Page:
Remember that the Binance DEX only works on this blockchain, and is not compatible with the Ethereum-like BSC.

Unlock your wallet

Source: Binance DEX

By going to Binance DEX you’ll see a complete trading interface, but we still need to unlock our wallet.

In the top right there is a button that says ‘unlock wallet’, which offers the ability to use Binance Chain Wallet or any of the WalletConnect compatible mobile apps. If you are using a different kind of wallet, such as a hardware wallet, click ‘use original way to unlock.’

This is likely a mistranslation into English, as ‘use another way to unlock’ would make a lot more sense.

The process for unlocking your wallet should be pretty straightforward, no matter what kind of wallet you’re using.

Pick a coin pair

Binance DEX has a number of interesting coin pairs, many of which include Binance Coin (BNB). As I write this the value of BNB is at an all-time high, so you would probably benefit financially from using this as your primary coin. If you prefer the stability of Fiat currencies, there are also many pairs with the US dollar-pegged token BUSD.

For some reason Bitcoin can only be traded with US dollar-pegged tokens, as well as BNB, ANKR, BOLT and COS at the current time.

Converting Bitcoin to BNB or BUSD would give you access to the numerous pairs that they include, so it isn’t very restrictive.

In the top right the coin pairs can be seen divided into 4 categories: BNB, BTC, ALTS and Fiat. There is a search box, but unfortunately this only searches the currently selected category and only returns results that use your search terms as the left side of the coin pair. This leads to annoying situations like being unable to filter the Fiat category by BUSD, as only a few pairs have BUSD on the left and most have it on the right. Despite this difficulty, there aren’t that many pairs in each category, so you can just scroll the list to find the pair you’re looking for.

Start trading

Now that you’ve selected a pair, you’ll need to make a trade.

A limit order is the default type, meaning you will need to specify the maximum price you’re willing to buy for (or the minimum price you’re willing to sell for). If you’re okay with buying at the current market price, you can create a limit order with the price that loaded when you selected the coin pair. If you take too long deciding what you do, the market price may move away from the limit price that loaded automatically with the coin pair, so you may want to click ‘Best Ask’ to reload the latest buying price or ‘Best Bid’ to reload the latest selling price.

Once you click the buy or sell button, your wallet will be prompted to authenticate the transaction. When that’s done the order will appear in your open orders in the bottom left panel, assuming that the limit price has not yet been reached. Remember that the point of a DEX is to be non-custodial, which means that signing the transaction does not move your coins from your wallet at all. If you change your mind before the limit price has been reached, you can cancel any transaction by clicking the ‘X’ on the right side of the order details.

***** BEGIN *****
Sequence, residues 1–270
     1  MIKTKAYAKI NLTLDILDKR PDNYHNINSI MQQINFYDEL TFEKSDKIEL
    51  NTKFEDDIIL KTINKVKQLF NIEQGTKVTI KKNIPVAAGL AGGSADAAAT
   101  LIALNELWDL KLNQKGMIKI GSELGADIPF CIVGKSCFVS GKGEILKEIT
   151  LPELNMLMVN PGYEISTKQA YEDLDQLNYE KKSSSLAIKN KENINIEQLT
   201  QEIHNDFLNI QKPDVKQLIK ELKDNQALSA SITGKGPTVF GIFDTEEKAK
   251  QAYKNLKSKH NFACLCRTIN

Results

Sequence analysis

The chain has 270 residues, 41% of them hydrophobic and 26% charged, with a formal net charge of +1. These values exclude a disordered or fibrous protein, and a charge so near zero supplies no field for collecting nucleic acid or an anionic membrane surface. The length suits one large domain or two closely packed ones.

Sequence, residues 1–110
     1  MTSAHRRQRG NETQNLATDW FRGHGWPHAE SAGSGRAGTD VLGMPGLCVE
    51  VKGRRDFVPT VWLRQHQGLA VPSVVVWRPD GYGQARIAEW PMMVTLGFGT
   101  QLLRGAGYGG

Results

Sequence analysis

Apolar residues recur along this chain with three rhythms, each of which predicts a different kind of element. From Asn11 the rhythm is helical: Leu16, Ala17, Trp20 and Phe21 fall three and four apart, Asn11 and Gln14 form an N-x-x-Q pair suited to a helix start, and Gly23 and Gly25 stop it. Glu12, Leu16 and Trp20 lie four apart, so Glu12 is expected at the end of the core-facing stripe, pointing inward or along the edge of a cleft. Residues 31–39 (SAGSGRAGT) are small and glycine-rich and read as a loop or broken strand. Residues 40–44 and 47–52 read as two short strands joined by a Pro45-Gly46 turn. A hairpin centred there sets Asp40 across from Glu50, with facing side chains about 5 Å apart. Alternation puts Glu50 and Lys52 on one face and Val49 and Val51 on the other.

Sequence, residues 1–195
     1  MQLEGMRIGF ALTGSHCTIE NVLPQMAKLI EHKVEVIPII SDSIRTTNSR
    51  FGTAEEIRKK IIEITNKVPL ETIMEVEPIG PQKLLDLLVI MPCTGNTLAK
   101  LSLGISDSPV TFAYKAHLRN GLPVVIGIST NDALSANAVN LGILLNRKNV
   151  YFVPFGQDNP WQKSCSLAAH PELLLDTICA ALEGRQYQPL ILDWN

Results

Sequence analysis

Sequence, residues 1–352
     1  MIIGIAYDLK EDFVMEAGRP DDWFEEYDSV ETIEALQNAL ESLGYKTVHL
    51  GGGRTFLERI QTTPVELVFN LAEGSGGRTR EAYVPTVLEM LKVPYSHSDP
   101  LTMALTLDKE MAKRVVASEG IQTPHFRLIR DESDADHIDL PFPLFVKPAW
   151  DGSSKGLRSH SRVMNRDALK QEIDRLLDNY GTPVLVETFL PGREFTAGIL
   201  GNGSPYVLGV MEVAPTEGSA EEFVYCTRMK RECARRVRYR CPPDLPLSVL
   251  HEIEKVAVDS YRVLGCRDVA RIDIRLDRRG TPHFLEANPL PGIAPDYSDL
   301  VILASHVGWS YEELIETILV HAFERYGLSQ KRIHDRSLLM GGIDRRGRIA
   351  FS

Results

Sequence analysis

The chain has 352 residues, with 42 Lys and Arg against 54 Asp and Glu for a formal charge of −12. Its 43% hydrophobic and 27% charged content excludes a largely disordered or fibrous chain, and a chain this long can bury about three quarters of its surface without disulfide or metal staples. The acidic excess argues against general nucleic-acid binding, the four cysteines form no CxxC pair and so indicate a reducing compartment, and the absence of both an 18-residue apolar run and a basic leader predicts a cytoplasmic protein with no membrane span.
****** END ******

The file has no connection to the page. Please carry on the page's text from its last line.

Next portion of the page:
Since you’re dealing with the blockchain directly, cancelling an order requires the same authentication with your wallet as creating an order does.

You can view the balance of your wallet by clicking ‘Balances’ in the top right. This is especially useful for hardware wallets, as there is no other way of checking what tokens you have. If you want to send funds to your wallet or receive funds from anyone else, you can copy the public address from the Balances page, or you can bring up a QR code to scan with a mobile device. With hot wallets such as the mobile apps and Chrome extension it’s obviously very easy to check your balance and public address, so the Balances page of the DEX probably won’t be as useful to those users.

If you want to monitor your account from other devices, you can add your address to the end of the following URL:

This is especially useful for cold storage, as you can see whether your orders were filled without connecting to the device.

You can send this link to anyone, because there is no way to move the funds without the private key stored in your wallet app or device.

When you’ve placed your order(s) and are happy to end your session you can simply click on the address of your wallet in the top right and choose ‘disconnect’.

You can also use the same menu to unlock other wallets if you want.

Next steps

If you want to try out another DEX, there is one on the other chain (BSC) called IDEX. This DEX was originally on Ethereum, which is why it’s another dApp that has been easily ported to BSC. The IDEX team are working on adding compatibility with Polkadot, which could see it become a truly blockchain-agnostic exchange. At the current time it can switch between Ethereum and BSC blockchains with the click of a button, and you can use the same addresses on both networks.

Think of an address as a house number and street name. Many street names are not unique, so there may be an identical house number on a street with the same name in another city. Just because the addresses sound the same doesn’t mean that you’ll find the same house at both addresses. Think of each blockchain as a city in this metaphor, and you’ll find it easier to understand.

You can use Binance Chain Wallet or a hardware wallet on either network, although it’s worth pointing out that hardware wallets would require the Ethereum app (not the Binance Chain app) to access the BSC due to the identical address format.

I haven’t shown you how to use PancakeSwap or BakerySwap, but I’ll save that for another tutorial.

Cryptic Crypto

Decrypting the secrets of the blockchain

Rob Sturgeon

Written by

An iOS developer who writes about gadgets, startups and cybersecurity. Swift programming tutorials and SwiftUI documentation too.

Cryptic Crypto

Cryptocurrencies are everywhere and every coin has a vibrant community. But what innovation is coming next?

Rob Sturgeon

Written by

An iOS developer who writes about gadgets, startups and cybersecurity. Swift programming tutorials and SwiftUI documentation too.

Cryptic Crypto

Cryptocurrencies are everywhere and every coin has a vibrant community. But what innovation is coming next?